The Funeral Rite

For centuries, the Church…

has honored and prayed for the dead through funerals and burials. Christians were noted in the ancient world as a people that showed great care for dead bodies, and that practice continues today in the modern form of the funeral. While some might think the attention to the body, once dead, is macabre, in fact it is essential to our belief in the resurrection of the dead. 

Christ was brought again to life from the Tomb. St. Paul calls Jesus the first fruit of the resurrection, meaning that exactly what happened to Jesus will happen to those who believe in him. We show our faith in the resurrection by bringing the body, or the cremated remains, into the church in a final act of prayer and worship before we process the body to its final resting place.

A typical funeral service at St. Paul’s proceeds like this:

  1. The priest receives the body, usually from the funeral home, with prayers and places the body or cremated remains at the head of the nave under a pall.
  2. The priest seats the family and friends of the deceased.
  3. The priest, deacon, and acolytes process in to the church and the Funeral rite begins much like a typical Eucharist.
  4. Scripture is read by friends or family of the deceased.
  5. Selected remembrances may be given by friends or family, followed by a homily.
  6. The congregation says the Apostles creed.
  7. The congregations prays for the deceased and the whole church.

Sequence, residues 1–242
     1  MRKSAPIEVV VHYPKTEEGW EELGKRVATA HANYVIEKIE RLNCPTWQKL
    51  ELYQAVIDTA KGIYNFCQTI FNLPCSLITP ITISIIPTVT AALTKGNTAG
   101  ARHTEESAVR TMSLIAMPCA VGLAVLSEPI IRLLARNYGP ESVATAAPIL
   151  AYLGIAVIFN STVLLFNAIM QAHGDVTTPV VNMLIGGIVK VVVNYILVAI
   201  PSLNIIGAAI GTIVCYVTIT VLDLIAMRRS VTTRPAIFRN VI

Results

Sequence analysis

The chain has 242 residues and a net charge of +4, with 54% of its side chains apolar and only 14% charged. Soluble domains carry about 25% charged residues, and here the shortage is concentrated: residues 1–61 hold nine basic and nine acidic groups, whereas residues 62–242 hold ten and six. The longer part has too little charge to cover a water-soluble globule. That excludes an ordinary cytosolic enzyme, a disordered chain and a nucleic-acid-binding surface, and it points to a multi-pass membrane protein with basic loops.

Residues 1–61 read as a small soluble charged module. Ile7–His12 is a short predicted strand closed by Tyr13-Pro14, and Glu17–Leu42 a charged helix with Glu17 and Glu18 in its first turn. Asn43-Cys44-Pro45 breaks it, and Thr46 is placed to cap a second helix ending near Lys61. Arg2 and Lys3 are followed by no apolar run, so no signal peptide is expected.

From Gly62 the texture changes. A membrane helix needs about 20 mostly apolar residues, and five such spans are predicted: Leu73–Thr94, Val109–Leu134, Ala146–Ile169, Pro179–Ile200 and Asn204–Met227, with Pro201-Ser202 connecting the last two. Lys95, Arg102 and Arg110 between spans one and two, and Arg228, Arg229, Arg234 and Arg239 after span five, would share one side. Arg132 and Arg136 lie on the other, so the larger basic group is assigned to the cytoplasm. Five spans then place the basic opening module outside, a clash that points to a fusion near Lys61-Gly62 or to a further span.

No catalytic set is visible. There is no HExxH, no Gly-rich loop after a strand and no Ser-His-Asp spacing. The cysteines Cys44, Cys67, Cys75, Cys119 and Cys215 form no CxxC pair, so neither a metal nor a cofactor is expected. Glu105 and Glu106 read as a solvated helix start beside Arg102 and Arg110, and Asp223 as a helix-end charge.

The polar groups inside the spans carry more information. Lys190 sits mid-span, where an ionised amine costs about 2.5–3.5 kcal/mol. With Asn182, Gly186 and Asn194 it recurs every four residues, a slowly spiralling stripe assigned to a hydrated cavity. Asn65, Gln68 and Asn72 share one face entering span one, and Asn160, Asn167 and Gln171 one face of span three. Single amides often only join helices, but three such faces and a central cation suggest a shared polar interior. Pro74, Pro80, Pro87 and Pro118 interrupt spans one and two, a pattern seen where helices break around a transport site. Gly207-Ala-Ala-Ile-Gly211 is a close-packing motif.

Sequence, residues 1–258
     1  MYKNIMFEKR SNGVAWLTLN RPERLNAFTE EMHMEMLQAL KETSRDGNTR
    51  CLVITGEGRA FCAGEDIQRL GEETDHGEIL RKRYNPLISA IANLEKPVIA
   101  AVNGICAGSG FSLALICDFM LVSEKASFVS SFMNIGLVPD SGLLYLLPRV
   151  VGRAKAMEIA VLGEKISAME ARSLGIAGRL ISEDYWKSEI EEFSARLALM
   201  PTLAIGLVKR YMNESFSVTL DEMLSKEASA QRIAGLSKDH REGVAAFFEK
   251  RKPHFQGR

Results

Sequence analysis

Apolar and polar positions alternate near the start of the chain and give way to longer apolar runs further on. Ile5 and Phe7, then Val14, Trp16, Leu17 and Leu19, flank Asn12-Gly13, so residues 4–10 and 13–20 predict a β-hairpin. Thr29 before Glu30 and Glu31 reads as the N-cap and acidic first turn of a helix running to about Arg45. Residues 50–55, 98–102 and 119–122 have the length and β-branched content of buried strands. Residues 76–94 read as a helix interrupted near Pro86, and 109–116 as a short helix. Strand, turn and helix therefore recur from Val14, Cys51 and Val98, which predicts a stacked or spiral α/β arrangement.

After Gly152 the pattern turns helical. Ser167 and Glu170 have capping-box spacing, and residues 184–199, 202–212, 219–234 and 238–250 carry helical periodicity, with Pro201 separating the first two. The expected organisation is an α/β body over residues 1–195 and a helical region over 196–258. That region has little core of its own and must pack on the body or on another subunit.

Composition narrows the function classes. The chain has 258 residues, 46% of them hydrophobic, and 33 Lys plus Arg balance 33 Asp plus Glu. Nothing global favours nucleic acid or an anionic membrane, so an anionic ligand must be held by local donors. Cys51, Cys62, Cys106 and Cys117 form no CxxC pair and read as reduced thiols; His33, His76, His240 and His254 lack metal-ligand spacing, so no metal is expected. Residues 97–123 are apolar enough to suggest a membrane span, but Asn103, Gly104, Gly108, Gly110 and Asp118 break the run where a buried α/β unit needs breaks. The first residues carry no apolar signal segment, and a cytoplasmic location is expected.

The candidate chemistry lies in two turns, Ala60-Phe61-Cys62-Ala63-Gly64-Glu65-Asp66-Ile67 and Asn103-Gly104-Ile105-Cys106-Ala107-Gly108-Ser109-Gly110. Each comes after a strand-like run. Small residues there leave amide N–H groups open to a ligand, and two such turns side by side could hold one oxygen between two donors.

8. The congregation receives communion.
  9. The congregation is sent forth to bury the body or place the remains in the columbarium.

The Book of Common Prayer says, “Baptized Christians are properly buried from the church” (468). The presence of the body is important as part of the grieving process for all those who knew the person in life. Our funerals give us time and space to be sad, to say goodbye, to reflect on the faith of the deceased, and to embrace again for ourselves that faith as we reflect on our own mortality.
And that time and space continue after the service as we depart together to bury the body. “It is customary that the celebrant meet the body and go before it into the church or towards the grave” (BCP 468). Burial at a cemetery or in the columbarium are not separate acts from the Funeral service (sometimes called Memorial service). Rather, they are the end of a complete ritual, one in which we grieve, worship, pray, and receive comfort.

The Funeral service provides that comfort in various ways, from reading Scripture, saying or singing a Psalm, singing familiar hymns, or hearing remembrances from friends and family. The greatest comfort, however, comes from receiving the Body of the Lord in Eucharist. This is why we include Eucharist, especially if the deceased was a baptized communicant themselves. In Eucharist, we are giving the food for living a resurrection life. In Eucharist, we are knit together as one Body, the Church. In Eucharist, we remember that Christ has died, is risen, and will come again.